ED GANNON, Herald Sun 4 Feb 21

MANY who grew up in the country would know the sound — the “pop pop” in the distance as the first light hit on duck season opening morning.

It was a sound heard across Victoria as thousands of shooters descended on wetlands and farms for the annual shooting of ducks from mid March. But what was accepted by most as just something that happened is now viewed by a growing number of people as something that shouldn’t happen.

And the noise of those opposed is certainly getting louder. What was regarded as a ratbag minority led by campaigners such as Laurie Levy has clearly grown as people start to question every aspect of how humans treat animals, particularly, hunting.

Duck season is an annual headache for the state government, particularly a Labor government in a tussle with the Greens over innercity seats. While it wants to be seen
as the party of the working class — generally the background of duck shooters — it must bow to the progressive views of the inner city to keep in power. And that urban view is increasingly that duck shooting is well past its use-by date.

Each year the government plays a game of umming and ahhing over whether to have a duck season. Drought has provided cover in recent years, with the season scrapped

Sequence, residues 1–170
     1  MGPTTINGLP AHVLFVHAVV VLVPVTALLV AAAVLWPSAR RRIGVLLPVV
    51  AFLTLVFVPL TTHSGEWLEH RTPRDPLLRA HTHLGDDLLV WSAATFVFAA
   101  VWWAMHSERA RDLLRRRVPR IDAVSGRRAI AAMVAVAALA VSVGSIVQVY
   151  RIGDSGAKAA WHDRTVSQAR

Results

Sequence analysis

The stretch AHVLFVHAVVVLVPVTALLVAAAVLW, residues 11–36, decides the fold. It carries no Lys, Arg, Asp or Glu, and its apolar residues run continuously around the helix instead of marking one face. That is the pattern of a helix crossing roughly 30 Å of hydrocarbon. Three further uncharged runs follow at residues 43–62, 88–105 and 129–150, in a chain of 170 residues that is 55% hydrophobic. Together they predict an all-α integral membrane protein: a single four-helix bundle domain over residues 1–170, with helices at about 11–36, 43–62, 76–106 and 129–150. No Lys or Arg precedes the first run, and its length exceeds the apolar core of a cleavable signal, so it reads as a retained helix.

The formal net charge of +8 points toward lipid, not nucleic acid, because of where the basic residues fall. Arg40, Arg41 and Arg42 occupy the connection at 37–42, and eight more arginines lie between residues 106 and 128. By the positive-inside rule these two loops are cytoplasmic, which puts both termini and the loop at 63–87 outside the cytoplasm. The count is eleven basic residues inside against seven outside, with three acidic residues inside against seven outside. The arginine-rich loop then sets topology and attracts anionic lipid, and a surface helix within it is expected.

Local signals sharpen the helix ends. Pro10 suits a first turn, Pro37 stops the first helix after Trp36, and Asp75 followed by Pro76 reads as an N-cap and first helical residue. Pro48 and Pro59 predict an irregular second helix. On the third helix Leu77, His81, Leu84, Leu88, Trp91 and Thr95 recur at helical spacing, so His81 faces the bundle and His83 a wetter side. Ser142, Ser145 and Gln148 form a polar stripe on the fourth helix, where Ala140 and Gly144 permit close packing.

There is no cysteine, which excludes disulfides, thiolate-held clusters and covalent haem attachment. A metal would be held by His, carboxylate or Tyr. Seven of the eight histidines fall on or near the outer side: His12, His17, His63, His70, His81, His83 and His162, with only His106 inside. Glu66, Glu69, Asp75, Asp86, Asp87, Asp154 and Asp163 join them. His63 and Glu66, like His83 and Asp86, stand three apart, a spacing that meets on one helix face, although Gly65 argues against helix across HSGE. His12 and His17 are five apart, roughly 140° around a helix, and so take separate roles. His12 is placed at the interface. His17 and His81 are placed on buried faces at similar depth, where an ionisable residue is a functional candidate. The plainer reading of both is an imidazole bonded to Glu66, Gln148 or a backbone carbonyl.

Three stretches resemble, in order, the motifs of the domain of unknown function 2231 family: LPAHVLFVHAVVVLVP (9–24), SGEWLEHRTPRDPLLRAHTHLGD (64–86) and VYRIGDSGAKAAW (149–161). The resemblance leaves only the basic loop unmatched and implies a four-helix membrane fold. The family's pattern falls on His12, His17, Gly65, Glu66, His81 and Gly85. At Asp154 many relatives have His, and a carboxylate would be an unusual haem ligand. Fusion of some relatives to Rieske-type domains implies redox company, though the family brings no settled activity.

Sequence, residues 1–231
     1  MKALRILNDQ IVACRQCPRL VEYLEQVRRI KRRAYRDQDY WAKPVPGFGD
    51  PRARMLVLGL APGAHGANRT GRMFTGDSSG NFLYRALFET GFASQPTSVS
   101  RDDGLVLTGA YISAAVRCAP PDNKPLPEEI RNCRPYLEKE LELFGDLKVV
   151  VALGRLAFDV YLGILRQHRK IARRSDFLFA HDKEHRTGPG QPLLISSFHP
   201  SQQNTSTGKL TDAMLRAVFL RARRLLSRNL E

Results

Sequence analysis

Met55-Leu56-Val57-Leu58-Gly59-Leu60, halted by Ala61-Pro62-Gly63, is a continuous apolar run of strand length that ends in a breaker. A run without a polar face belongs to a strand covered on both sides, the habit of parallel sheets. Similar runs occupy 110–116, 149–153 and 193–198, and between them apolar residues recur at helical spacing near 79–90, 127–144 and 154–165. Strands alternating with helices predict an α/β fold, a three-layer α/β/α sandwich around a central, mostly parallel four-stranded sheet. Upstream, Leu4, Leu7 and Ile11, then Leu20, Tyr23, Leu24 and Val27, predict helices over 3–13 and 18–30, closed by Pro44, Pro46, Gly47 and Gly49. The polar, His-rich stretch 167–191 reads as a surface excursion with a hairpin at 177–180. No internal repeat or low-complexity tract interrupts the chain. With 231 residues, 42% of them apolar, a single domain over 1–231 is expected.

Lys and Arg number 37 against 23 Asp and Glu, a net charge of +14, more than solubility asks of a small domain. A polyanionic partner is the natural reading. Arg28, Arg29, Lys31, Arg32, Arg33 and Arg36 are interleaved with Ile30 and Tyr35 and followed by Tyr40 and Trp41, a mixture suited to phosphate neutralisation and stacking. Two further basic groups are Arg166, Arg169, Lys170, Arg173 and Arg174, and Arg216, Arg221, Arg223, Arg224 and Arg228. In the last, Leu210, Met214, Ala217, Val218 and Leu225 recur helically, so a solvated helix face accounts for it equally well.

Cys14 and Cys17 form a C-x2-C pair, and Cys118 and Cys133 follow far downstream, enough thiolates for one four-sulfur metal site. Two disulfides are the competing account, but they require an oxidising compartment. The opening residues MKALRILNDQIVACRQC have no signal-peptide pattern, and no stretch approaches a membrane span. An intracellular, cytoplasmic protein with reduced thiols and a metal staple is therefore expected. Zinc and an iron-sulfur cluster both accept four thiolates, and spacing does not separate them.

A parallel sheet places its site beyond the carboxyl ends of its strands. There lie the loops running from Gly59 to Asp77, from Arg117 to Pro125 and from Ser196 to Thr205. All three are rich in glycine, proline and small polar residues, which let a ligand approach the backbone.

twice and shortened to just five weeks last year. Crucial to the season green light is an annual survey of birds through the Murray Darling Basin conducted by the University of NSW. Surprisingly, despite the wet La Nina conditions of 2020, duck numbers are well down on longterm averages, which has sparked the usual argy bargy as to whether this season should go ahead.

But there is a bigger long-term issue ahead for shooters — a growing view among authorities for a skills proficiency test of shooters.

Currently, once you get your shooters licence — which already includes a firearm safety course — you then need to obtain a game licence to hunt duck, quail or deer.

The Game Management Authority has raised the spectre of putting another requirement on top of that, testing how well shooters can identify protected animal species and also safety skills.

Of course, a move to a new test is opposed by duck and game shooters, as well as farmers, who also face a growing call for extra testing to shoot rabbits and foxes.
Shooters believe it is merely a smokescreen to make shooting more expensive to the point where the red tape makes it all too hard.

And, ultimately, less “pop pop” sounds across country Victoria.

ED GANNON IS WEEKLY TIMES EDITOR [email protected]@EdgannonWtn